Sidney Prize – The award is made in recognition of a person or organisation that has contributed to social change and the improvement of human life. It is open to people of any nationality and can be awarded for anything from academic achievement, personal attributes, community service, a requirement for start-up funding or the ability to inspire others.
Awarded to a group or individual that has made a significant contribution to the development of Australia’s culture, society or economy, the sidney prize is decided on a national basis and is presented at a ceremony at the end of each year. In addition to past achievements, it is also important to consider the potential for the recipient to make further contributions to Australia in the future.
This year’s Sidney prize has gone to the Black Lives Matter movement, an international coalition of activists dedicated to promoting human rights and non-violence. The organisation was founded in the United States in 2013 by Patrisse Cullors, Alicia Garza and Opal Tometi after George Zimmerman was acquitted of murdering black teenager Trayvon Martin.
The winner will receive a cash prize of $1500 and the prize money will be used to support their work. In particular, the winning group will be able to help them develop their own online presence and marketing strategies to increase their reach and impact.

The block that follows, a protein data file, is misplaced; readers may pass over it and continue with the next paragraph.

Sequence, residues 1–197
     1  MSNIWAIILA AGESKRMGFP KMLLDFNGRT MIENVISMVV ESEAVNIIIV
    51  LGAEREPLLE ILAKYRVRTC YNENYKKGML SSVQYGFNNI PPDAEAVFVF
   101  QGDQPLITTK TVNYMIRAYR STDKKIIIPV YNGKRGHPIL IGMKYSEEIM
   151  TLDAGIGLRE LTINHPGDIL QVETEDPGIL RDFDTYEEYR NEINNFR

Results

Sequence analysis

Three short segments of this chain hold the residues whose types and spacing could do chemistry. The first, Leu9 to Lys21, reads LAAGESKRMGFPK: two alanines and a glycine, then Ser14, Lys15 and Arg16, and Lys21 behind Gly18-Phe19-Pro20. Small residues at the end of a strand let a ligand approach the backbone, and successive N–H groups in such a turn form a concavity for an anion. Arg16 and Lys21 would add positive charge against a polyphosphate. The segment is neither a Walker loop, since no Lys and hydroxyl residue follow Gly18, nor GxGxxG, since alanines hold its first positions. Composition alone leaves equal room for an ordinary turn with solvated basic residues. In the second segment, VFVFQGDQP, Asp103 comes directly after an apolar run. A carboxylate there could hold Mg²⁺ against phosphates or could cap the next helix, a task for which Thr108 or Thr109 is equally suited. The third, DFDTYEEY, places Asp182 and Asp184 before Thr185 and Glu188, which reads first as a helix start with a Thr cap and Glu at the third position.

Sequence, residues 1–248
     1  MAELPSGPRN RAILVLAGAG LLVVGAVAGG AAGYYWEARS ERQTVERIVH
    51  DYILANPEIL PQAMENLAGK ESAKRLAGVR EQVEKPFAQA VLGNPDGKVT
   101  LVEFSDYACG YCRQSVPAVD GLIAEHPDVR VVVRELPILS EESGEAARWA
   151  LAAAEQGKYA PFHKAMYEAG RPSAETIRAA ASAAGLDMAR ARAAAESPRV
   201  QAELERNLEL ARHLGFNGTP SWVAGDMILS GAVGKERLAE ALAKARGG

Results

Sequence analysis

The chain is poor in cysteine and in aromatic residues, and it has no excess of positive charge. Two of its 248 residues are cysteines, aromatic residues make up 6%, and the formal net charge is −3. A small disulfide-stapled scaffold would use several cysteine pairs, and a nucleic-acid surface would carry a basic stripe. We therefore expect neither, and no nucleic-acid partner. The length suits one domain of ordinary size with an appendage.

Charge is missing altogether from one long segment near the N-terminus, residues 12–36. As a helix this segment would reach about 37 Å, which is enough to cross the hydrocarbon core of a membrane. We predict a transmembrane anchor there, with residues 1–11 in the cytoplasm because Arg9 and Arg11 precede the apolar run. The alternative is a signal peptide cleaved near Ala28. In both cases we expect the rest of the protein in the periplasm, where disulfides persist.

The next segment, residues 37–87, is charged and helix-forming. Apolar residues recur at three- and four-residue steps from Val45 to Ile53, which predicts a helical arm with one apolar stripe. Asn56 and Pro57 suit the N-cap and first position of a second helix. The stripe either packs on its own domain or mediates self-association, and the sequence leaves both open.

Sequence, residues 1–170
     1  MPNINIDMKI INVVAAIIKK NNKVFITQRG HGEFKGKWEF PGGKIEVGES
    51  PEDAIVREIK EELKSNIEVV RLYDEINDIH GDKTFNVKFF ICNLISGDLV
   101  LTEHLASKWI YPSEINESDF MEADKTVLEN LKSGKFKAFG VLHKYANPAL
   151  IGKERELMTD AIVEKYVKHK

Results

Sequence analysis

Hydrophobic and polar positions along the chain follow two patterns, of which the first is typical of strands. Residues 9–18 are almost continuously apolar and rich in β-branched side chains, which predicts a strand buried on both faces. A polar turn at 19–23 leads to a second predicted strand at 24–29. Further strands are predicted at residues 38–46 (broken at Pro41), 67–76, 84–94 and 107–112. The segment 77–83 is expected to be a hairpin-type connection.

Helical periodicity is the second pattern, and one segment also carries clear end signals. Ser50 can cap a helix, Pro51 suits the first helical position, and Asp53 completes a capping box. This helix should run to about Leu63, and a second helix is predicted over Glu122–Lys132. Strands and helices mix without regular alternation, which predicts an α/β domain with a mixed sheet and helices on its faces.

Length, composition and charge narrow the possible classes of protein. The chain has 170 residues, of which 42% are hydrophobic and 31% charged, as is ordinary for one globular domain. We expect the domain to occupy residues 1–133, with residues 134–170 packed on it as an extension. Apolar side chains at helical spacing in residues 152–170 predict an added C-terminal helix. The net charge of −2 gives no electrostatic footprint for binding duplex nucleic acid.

Keeping Stepping – This documentary follows Gabi, a Chilean-Samoan dancer who is competing in an international street dance competition and her Romanian partner Patrix, who is looking for a better life. Their story of finding their way in a new country and a new city is inspiring to many viewers, including director Luke Cornish, who worked on the film for seven years and won the prize for his directorial skills.
Formed by the Sydney Peace Foundation, this annual prize is awarded to a person or organisation that has promoted “peace with justice”, “human rights” and “non-violence”. It is open to individuals and groups worldwide who have been at the forefront of these issues.
Professor Sidney Altman – Sterling Professor of Molecular, Cellular and Developmental Biology at Yale – was a Nobel Prize-winning researcher who died last month at the age of 82. A leader in the field of RNA biology, he shared the 1989 Nobel Prize with Professor Thomas Cech.
A renowned teacher and mentor to many, Sid’s most enduring achievement was his ability to foster an atmosphere in the laboratory that allowed young students to learn and grow. A devout believer in the value of science, he insisted that all students should be given the opportunity to learn from all the different fields in their discipline, while simultaneously pursuing excellence in their chosen field of study.
This is why Sid’s legacy remains so profound, and why his life remains such a remarkable testimony to the power of education. During his long career, he inspired and encouraged thousands of students, and in the process built a university whose reputation was firmly based on a deep appreciation for the complexities and interconnectedness of the natural world.